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Millions of Medicaid kids don't get medical exams

Monday, May 24, 2010 | 10:20 a.m. CDT; updated 11:14 a.m. CDT, Monday, May 24, 2010

MIAMI — Almost three-quarters of children on Medicaid in nine states are not getting all of their legally required medical, vision and hearing examinations, including immunizations, according to a new government study.

The study, conducted by the U.S. Department of Health and Human Services inspector general, estimated that 2.7 million of the 3.8 million children in those states — or 76 percent — did not receive one or more of the medical, vision or hearing screenings during 2007, the year studied. The studied states are Arkansas, Florida, Idaho, Illinois, Missouri, North Carolina, Texas, Vermont and West Virginia.

Doctors say regular checkups are especially important for low-income children who are at higher risk for chronic problems including obesity, depression and poor cognitive development.

Missing checkups means problems aren't spotted early and increases the chance they will develop into something more significant, said Dr. Louis St. Petery, a Florida pediatric cardiologist.

"Checkups aren't just made up," said St. Petery, who is part of a class-action lawsuit alleging Florida is violating federal Medicaid requirements by providing inadequate medical care for children. "They are essential."

Forty-one percent of children did not receive any required medical screenings. More than half did not receive any required vision or hearing screenings, according to the study.

The federal government has five requirements for medical screenings in children under 21: a comprehensive health and developmental history; an unclothed physical examination; immunizations; lab tests; and health education.

Nearly 60 percent of children who did get a medical screening were lacking at least one of the five requirements. Lab tests were most commonly left out.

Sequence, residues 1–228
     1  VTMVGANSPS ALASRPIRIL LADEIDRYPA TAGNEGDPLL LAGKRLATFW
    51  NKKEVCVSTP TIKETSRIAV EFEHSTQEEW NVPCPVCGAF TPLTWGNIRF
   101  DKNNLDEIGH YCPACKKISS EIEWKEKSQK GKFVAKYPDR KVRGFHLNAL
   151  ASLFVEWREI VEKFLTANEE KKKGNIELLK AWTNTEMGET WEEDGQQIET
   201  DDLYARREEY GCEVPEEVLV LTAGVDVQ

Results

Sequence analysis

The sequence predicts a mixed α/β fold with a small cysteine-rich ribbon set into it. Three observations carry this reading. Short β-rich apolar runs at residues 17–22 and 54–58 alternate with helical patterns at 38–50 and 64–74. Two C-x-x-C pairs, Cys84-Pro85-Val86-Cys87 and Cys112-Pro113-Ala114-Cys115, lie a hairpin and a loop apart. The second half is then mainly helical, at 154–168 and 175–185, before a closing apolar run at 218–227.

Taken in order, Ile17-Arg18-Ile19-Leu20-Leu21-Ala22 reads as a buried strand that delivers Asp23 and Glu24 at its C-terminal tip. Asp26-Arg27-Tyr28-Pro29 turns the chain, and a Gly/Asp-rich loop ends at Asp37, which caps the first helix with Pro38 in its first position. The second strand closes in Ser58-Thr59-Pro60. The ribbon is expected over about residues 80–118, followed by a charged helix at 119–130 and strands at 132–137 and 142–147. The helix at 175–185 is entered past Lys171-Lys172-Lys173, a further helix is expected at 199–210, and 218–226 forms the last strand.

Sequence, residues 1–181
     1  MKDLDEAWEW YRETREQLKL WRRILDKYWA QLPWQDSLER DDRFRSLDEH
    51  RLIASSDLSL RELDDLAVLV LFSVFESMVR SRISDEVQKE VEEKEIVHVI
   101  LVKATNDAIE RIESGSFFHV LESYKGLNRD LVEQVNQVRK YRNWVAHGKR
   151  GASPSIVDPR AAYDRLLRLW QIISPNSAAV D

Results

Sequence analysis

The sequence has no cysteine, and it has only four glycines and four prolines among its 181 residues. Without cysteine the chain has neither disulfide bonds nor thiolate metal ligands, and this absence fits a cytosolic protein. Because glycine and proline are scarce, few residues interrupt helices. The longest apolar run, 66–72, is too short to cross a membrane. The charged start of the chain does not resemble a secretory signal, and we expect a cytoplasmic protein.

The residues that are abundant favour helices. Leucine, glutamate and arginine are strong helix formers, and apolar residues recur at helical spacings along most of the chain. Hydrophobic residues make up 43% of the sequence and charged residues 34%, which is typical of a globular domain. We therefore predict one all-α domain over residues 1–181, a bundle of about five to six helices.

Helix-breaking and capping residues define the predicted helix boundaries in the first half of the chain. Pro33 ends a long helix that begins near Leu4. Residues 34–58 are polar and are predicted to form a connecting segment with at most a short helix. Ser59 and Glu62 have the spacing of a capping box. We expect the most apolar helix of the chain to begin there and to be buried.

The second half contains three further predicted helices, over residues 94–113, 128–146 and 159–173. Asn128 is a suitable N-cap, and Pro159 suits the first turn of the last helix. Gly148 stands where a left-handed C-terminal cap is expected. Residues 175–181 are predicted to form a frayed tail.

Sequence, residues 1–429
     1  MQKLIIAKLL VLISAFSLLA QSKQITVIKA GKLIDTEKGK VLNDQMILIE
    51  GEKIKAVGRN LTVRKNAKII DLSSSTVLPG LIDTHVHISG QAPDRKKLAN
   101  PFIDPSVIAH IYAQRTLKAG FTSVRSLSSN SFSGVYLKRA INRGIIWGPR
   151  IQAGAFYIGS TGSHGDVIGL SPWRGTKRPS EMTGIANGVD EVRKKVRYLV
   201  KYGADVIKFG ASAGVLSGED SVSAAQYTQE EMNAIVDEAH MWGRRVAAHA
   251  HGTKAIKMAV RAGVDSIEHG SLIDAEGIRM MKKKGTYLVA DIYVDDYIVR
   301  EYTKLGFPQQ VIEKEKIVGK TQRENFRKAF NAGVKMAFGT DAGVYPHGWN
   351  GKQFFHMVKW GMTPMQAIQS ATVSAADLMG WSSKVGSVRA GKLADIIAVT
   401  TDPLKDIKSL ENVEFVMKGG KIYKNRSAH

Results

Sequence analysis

State officials say much of the problem is caused by parents skipping appointments. Child advocates say many families have trouble taking time off from work for frequent appointments and struggle to find doctors who accept Medicaid because of low reimbursement rates. The study did not address reimbursement rates.

The study also found a disconnect between outreach efforts and the number of children receiving exams.

"In some states (outreach) was a set of brochures," said John Bouman, president of the Sargeant Shriver National Center on Poverty Law in Chicago. "That isn't adequate. You have to interact with people. You have to match them up with doctors."

Officials in each state said they had spent money on public outreach and media campaigns to promote the importance of health screenings, but the study did not specify the amount.

"I think Florida is doing a miserable job in outreach. That's why there's more than 400,000 children in Florida who are uninsured but are Medicaid eligible," said St. Petery, who is executive vice president for the Florida chapter of the American Academy of Pediatrics.

Florida's Agency for Health Care Administration declined comment.

Health experts say administrative red tape keeps doctors from treating children. State agencies frequently enroll children in different Medicaid plans without notifying their parents, so children show up for a checkup only to find their insurance has been switched and the new provider doesn't cover the doctor. Parents are less likely to schedule another appointment after that.

"It's clear there are barriers to helping kids access these services, so I intend to explore new ideas to help educate parents and doctors about these benefits," said Sen. Max Baucus, D-Mont., chairman of the Senate Finance Committee.

Some states have made improvements since the study.

Texas increased reimbursement rates by 50 percent for dentists and 25 percent for doctors after a class-action lawsuit similar to Florida's lasted more than a decade. The state spent $707 million on the rate increase and outreach efforts to improve access for the 2008-09 fiscal year, said Geoff Wool, spokesman for Texas Health and Human Services Commission. The participation rate for Texas children receiving at least one screening increased from 60 percent in 2008 to 64 percent in 2009.

Since 2007, Illinois has made an aggressive effort to link children with doctors by creating medical homes for them. The state now gives incentives to doctors who provide a full menu of screenings.

Preliminary 2009 data shows a 20 percent increase in the number of Illinois children getting screenings with a primary care doctor since the study in 2007, according to the Illinois Department of Healthcare and Family Services.

The study recommended the Centers for Medicare and Medicaid Services work with states to find incentives to increase doctor participation and improve outreach efforts to families.

Requiring states to report hearing and vision screenings to CMS was also recommended.

 


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